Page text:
public string ClientIndividual;

public string JobFunction;

public string LastTeamActivity;

public string ClientCompany;

public List CMPhoneList;

/// This method is responsible to json serialize this object
public string ToJson()
var serializer = new DataContractJsonSerializer(typeof (CMMessage));
using (var memoryStream = new MemoryStream())
serializer.WriteObject(memoryStream, this);
return Encoding.Default.GetString(memoryStream.ToArray());

/// This method is responsible to deserialize a json text to a CMMessage object
/// json text
public static CMMessage GetByJson(string json)
var serializer = new DataContractJsonSerializer(typeof(CMMessage));
using (var memoryStream = new MemoryStream(Encoding.Default.GetBytes(json)))
return serializer.ReadObject(memoryStream) as CMMessage;


From .NET 2.0:

I am afraid Microsoft didn't create any class for JSON Serialization in .NET 2.0, however, there are some workarounds for you:

1) Use

2) Create your own JSONSerializer for .NET 2.0 using .NET Reflector on either JavaScriptSerializer class or DataCotnractJsonSerializer class in .NET 3.5:

More resources:

Tuesday, 1 December 2009

JavaScript - ReplaceAll Function

JavaScript ReplaceAll Function:
String.prototype.ReplaceAll = function(stringToFind, stringToReplace) {

if (stringToFind == null stringToFind == '') return this;

var result = "";
var temp = this;

var index = temp.indexOf(stringToFind);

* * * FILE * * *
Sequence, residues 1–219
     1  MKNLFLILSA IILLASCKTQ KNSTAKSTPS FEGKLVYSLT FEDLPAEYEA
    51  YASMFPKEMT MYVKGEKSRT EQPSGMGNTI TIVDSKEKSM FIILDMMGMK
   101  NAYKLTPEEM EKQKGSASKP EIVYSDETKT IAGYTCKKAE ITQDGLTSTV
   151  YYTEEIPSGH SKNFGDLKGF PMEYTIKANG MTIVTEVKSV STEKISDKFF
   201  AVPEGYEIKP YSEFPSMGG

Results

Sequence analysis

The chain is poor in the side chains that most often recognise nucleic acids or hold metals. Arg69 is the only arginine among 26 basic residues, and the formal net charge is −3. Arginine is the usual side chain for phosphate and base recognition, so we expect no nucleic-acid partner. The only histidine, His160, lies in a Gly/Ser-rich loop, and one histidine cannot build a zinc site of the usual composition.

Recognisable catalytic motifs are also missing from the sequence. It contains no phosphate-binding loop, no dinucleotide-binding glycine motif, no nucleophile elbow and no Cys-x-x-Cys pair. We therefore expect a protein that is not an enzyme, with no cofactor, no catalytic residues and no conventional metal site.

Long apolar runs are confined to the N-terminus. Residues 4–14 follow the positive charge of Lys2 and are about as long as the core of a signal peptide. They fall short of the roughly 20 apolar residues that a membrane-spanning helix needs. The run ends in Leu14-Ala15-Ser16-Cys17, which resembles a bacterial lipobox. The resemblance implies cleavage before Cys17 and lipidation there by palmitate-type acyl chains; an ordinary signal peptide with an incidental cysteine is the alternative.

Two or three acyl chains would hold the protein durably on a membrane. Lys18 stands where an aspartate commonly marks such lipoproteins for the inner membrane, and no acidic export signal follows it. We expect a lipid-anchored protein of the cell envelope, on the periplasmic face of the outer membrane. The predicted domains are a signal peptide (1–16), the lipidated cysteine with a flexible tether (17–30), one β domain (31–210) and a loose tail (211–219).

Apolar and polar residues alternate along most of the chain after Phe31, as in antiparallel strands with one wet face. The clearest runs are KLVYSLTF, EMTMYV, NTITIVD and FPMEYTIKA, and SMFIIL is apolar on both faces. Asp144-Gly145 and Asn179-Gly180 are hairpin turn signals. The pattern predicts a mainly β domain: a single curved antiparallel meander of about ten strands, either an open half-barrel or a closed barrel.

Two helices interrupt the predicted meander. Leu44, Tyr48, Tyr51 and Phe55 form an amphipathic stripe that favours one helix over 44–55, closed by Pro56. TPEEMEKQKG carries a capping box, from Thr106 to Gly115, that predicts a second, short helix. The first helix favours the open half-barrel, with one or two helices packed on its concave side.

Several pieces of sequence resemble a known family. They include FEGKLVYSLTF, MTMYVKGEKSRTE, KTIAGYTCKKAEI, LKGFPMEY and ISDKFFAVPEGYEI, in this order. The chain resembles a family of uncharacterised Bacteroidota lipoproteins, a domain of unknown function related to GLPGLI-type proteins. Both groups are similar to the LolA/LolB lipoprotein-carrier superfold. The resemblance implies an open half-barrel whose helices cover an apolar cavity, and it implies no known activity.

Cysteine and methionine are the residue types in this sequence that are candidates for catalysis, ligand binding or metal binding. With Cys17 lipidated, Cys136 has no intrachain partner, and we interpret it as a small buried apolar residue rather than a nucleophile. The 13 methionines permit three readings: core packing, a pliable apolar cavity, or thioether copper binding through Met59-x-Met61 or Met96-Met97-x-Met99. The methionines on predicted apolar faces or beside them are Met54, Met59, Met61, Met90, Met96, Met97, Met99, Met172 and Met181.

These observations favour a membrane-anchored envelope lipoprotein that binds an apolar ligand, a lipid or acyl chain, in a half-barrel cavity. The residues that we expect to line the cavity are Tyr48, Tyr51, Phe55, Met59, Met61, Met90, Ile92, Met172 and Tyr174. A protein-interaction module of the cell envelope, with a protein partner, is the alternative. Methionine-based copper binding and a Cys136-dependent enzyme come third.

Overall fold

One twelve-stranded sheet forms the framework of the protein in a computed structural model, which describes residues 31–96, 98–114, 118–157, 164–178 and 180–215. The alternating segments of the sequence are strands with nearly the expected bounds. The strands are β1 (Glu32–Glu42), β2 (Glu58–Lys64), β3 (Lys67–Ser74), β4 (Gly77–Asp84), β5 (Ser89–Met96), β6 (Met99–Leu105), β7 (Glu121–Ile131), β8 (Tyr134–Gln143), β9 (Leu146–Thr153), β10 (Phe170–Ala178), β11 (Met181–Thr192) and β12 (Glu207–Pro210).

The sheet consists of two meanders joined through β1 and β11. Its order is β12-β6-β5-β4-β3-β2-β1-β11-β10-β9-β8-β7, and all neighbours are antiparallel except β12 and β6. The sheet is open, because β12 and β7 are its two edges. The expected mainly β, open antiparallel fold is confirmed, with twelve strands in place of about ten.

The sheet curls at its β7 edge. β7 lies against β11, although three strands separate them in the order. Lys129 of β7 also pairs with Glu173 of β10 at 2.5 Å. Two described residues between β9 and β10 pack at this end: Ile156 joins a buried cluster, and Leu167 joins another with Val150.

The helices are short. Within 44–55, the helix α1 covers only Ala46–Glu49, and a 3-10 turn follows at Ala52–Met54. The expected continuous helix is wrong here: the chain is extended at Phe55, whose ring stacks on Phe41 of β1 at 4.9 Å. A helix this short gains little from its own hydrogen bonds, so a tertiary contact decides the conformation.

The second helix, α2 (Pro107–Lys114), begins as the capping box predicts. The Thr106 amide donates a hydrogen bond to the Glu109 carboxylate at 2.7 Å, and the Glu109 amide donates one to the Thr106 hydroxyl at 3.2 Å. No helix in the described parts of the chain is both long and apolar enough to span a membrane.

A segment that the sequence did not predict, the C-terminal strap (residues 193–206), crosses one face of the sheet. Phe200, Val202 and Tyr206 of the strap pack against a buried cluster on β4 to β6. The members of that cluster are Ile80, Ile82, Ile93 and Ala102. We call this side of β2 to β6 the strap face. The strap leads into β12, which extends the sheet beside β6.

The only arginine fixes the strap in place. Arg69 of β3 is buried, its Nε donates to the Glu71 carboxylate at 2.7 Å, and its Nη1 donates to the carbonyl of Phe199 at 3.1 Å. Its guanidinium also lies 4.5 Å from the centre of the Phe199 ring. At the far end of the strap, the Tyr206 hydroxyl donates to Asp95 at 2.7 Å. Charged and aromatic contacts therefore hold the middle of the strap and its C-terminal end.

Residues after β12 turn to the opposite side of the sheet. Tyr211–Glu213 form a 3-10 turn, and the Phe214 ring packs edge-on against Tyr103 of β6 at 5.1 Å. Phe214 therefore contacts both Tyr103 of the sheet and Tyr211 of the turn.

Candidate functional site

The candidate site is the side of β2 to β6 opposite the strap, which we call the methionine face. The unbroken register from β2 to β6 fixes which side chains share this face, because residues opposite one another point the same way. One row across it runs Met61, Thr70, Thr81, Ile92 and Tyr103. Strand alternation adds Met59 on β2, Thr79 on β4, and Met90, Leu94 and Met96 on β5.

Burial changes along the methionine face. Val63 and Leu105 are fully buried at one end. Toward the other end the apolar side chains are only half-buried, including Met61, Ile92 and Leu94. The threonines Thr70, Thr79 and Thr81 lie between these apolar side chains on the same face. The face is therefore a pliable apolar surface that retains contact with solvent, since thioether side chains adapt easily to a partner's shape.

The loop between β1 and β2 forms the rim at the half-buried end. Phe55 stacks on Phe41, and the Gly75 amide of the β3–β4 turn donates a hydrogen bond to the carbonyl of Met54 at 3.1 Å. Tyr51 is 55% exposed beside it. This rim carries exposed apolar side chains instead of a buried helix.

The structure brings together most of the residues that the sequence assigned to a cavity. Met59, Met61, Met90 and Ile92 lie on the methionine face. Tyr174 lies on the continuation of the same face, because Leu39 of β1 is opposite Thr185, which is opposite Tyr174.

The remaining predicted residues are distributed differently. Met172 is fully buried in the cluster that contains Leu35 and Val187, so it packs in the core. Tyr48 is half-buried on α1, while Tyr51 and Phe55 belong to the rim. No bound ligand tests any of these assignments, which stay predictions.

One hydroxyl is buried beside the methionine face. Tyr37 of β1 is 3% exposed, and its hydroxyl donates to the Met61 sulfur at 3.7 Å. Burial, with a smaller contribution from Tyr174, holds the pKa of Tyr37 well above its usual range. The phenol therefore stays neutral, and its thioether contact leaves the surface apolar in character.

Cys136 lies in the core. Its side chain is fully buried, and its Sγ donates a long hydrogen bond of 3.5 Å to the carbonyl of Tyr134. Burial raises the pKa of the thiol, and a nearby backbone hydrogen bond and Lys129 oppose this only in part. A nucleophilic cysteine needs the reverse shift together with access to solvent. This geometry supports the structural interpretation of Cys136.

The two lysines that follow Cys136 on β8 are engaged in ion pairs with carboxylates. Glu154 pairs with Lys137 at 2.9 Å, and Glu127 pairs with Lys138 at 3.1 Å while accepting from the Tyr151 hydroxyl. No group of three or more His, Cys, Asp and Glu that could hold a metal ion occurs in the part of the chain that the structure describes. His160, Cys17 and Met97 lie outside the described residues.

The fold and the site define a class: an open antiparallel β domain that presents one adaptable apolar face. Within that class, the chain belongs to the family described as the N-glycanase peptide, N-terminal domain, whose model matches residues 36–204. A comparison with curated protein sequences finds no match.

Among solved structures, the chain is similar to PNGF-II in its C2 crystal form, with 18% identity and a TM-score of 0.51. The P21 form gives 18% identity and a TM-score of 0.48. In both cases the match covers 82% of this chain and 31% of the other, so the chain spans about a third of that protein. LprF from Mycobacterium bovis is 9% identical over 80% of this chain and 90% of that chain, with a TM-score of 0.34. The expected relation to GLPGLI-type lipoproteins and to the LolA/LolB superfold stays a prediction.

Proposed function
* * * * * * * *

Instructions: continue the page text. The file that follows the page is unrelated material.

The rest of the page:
if (index == -1) return this;

do {
var targetLength = index + stringToReplace.length;
temp = temp.replace(stringToFind, stringToReplace);
result += temp.substring(0, targetLength);
temp = temp.substring(targetLength, temp.length);
index = temp.indexOf(stringToFind);
} while (index != -1);

// to add any remaining data
result += temp;

return result;


How to use it:

function Test() {

var data = "Hi, my name is Pooya Khamooshi; I am expert in everything (potentially)!";
var replaceMe = 'Pooya';
var replaceWith = "<b>" + replaceMe + "<\b>";

if (data.indexOf(str) == -1)
document.writeln("no match found");
document.write(data.ReplaceAll(replaceMe, replaceWith));

Use regular expression

This approach is easier and shorter but it requires that you know exactly what your regular expression is.

var str = "My name is Pooya Khamooshi and I have understood that there are many things I am not expert in";
var pattern = /\s/g;
str.replace(pattern, ''); // this removes all the spaces from the text above.